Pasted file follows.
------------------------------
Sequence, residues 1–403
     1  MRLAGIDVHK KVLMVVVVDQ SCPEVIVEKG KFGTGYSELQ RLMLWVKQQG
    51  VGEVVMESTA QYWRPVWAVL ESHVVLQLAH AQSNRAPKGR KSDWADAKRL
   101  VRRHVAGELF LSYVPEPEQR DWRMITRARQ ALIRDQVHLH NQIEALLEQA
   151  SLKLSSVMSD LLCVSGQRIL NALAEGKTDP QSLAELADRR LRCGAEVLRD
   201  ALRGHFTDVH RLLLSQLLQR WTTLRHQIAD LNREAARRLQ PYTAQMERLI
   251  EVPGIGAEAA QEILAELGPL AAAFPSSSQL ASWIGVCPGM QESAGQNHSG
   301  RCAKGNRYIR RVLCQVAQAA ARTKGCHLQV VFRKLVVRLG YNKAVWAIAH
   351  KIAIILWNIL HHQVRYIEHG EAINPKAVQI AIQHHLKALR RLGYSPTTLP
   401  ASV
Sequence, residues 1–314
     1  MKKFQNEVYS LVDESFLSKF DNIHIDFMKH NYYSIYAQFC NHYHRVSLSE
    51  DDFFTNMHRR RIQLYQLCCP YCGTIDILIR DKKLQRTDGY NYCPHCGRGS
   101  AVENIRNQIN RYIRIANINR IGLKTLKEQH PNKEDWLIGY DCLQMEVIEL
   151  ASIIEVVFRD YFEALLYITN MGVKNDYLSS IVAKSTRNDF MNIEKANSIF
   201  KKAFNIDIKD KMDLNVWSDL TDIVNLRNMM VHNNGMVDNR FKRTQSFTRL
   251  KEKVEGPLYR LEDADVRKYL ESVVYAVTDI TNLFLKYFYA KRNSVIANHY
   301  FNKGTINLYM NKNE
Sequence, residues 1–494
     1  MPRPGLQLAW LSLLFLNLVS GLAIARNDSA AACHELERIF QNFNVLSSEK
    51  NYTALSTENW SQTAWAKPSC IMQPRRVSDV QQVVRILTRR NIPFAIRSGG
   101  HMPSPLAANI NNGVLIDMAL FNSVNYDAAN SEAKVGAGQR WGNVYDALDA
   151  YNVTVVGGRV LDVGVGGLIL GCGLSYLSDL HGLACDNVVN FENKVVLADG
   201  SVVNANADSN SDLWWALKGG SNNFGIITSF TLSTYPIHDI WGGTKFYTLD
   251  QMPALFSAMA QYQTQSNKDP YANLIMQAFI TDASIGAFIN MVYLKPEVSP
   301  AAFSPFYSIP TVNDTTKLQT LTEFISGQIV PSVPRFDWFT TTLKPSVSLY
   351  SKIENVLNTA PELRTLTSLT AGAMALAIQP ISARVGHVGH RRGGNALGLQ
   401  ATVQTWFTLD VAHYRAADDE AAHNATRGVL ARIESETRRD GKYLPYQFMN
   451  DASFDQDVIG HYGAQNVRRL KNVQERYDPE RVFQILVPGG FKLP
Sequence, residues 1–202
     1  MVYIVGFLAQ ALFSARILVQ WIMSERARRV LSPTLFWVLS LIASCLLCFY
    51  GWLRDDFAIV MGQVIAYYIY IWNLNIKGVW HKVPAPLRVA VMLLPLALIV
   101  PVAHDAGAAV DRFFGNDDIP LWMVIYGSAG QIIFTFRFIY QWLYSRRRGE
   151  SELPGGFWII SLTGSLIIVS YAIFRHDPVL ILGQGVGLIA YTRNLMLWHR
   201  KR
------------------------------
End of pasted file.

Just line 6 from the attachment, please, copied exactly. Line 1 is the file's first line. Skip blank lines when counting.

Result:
   201  ALRGHFTDVH RLLLSQLLQR WTTLRHQIAD LNREAARRLQ PYTAQMERLI